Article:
Apple Inc. is stepping up efforts to improve its image by showing that its campaign to support fair labor practices has some teeth.
On Thursday (Jan. 24), Apple reported terminating a relationship with one of its China-based suppliers after an audit concluded the supplier had more than 70 employees under the age of 16.
In its annual supplier responsibility report, Apple (Cupertino, Calif.) said it severed its relationship with Guangdong Real Faith Pingzhou Electronics Co. Ltd. in January 2012 after its auditors discovered 74 cases of workers under the age of 16. Apple described this as "a core violation of our code of conduct." Guangdong Real Faith Pingzhou Electronics supplies a standard circuit board component that is used by many companies, Apple said.
Bowing to public pressure after scrutiny over the working conditions at Hon Hai Precision Industry Co. Ltd. and other key suppliers, Apple one year ago became the first electronics firm to join the Fair Labor Association (FLA), a watchdog group that independently assesses and monitors working conditions in factories around the world. Hon Hai, a Taiwanese contract manufacturer with extensive operations in mainland China, operates under the trade name Foxconn.
Apple's 2013 supplier responsibility report also offered some good—and surprising—news. In 2012, Apple said it found no cases of underage labor at any of its final assembly suppliers, presumably including Foxconn. "While we are encouraged by these results, we will continue regular audits and go deeper into our supply chain to ensure that there are no underage workers at any Apple supplier," Apple said. "Many suppliers tell us that we are the only company performing these audits, so when we do find and correct problems, the impact goes far beyond our own suppliers."
Hmm, China is a communist socialist country. It, like all former regimes of this nature professes equality for all its citizens and essentially, plays "mother and father" to all. It is a totalitarian regime. It is the Chinese Governments responsibility for the welfare of its people. It is the Chinese Government that sanctions and directly benefits from the use of child labour. I say good on Apple and others for taking a stand on their own moral grounds, this is not a side job mowing the lawns, this IS child labour, supported and sanctioned by the Chinese government.
This is the problem of the category: "damnend if you do, but damned if you don't". I would say that we should take into consideration what are the norms of the other country so we do not impose our standards on what it is a sovereign entity, after all some of US standards seem bizarre in other countries (you can handle weapons before you can legally drink?!). Then of course we are free to deem some of the foreign practices as wholy unacceptable (fit to be married when 6?!) ... We could stick to the international standards, but it would help if we stopped torpedoing them frequently (yep, we do it!)
I think both ... if Hitler and Stalin were not so much psychopathic US might end up in a very bad place, or at least: not so good ... The number of detailed "whys" is just too big for the format here...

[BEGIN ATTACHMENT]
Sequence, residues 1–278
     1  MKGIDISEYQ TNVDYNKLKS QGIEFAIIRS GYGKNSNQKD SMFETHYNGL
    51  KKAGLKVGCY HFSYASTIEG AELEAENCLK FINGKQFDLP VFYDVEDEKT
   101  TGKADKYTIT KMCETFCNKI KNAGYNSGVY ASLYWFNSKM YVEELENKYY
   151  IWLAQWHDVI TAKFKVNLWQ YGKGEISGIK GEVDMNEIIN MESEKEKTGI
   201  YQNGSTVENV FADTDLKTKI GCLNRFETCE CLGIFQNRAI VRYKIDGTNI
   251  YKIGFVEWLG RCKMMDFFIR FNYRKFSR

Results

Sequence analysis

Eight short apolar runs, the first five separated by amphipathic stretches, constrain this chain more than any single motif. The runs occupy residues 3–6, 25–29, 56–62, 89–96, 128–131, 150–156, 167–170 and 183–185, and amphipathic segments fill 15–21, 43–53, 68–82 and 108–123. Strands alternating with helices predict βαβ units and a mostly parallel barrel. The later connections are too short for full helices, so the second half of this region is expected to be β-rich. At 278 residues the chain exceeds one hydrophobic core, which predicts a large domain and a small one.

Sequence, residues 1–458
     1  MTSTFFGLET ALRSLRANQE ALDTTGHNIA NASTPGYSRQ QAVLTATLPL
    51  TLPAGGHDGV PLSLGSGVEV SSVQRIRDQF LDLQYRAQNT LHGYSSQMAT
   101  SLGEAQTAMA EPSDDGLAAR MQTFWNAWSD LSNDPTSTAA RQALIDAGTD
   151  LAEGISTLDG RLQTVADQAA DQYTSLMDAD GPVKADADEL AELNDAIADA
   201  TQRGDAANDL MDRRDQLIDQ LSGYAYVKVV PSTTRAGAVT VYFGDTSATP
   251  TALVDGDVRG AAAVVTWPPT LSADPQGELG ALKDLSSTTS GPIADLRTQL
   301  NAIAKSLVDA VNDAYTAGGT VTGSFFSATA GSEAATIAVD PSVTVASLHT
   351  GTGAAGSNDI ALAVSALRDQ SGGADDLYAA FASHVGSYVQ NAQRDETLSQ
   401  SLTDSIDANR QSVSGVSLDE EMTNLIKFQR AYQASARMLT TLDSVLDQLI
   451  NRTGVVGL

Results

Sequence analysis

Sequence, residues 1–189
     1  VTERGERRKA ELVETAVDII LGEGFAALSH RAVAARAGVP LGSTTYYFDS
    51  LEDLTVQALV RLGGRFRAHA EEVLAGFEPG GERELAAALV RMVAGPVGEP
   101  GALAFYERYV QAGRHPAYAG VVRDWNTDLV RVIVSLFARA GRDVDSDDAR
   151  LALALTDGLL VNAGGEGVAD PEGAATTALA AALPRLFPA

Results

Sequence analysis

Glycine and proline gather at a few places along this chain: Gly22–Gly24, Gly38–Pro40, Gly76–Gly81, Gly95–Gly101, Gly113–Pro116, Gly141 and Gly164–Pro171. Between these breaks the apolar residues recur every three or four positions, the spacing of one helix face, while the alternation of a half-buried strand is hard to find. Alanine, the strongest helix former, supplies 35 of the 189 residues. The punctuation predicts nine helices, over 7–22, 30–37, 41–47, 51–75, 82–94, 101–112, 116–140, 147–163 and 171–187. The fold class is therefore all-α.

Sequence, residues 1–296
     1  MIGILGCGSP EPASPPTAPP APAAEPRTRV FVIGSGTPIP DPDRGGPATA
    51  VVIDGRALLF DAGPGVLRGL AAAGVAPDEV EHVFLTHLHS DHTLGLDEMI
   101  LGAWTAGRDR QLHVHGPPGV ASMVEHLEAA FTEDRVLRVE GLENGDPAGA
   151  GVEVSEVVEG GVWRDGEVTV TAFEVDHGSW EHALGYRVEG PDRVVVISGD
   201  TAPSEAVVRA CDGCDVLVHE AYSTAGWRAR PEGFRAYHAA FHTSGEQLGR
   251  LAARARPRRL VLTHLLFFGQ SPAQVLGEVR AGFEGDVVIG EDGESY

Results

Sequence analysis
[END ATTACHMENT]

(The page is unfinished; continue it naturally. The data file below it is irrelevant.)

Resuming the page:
Half the room says "America the richest country in the world lets human rights violations take place and does nothing" the other half of the room ask why America is always interfering with the way other governments run their countries. Apple has the same problem. Apple is being called on to do what the U.S. government should be doing.
I am glad that Apple is doing something, I am not sure if it really helps the kids or hurts them. The key is that someone is doing something and maybe if everyone got on board the problem would be greatly reduced. I do not know the laws / school policies in China but I can't imagine that it is a good thing for the kids growing up without an education.
Yes, and the point is, US consumers were finding it distasteful that Apple was exploiting child labor, as much as these same people would object to seeing child labor exploited at home.
So Apple is doing what it has to do, to fix its image back home. Which they must do to avoid putting off a whole lot of potential customers.
The other way to look at it might be, is it truly a matter of "lucky rich country"? Or is "rich" the result of hard-learned policies?
I was wondering the same thing. Like GeLy said below, I too started working long before age 16. It was part-time of course, and school was top priority. In many states, American youth are not legally required to attend school past age 16.
Positive news on the child labor front should be celebrated. I have no doubt that there are adults in China seeking employment and the children have a better chance to get an education. It will take time but the news of this decision by Apple will surely be heard far beyond the walls of the company that was directly impacted.
David Patterson, known for his pioneering research that led to RAID, clusters and more, is part of a team at UC Berkeley that recently made its RISC-V processor architecture an open source hardware offering. We talk with Patterson and one of his colleagues behind the effort about the opportunities they see, what new kinds of designs they hope to enable and what it means for today’s commercial processor giants such as Intel, ARM and Imagination Technologies.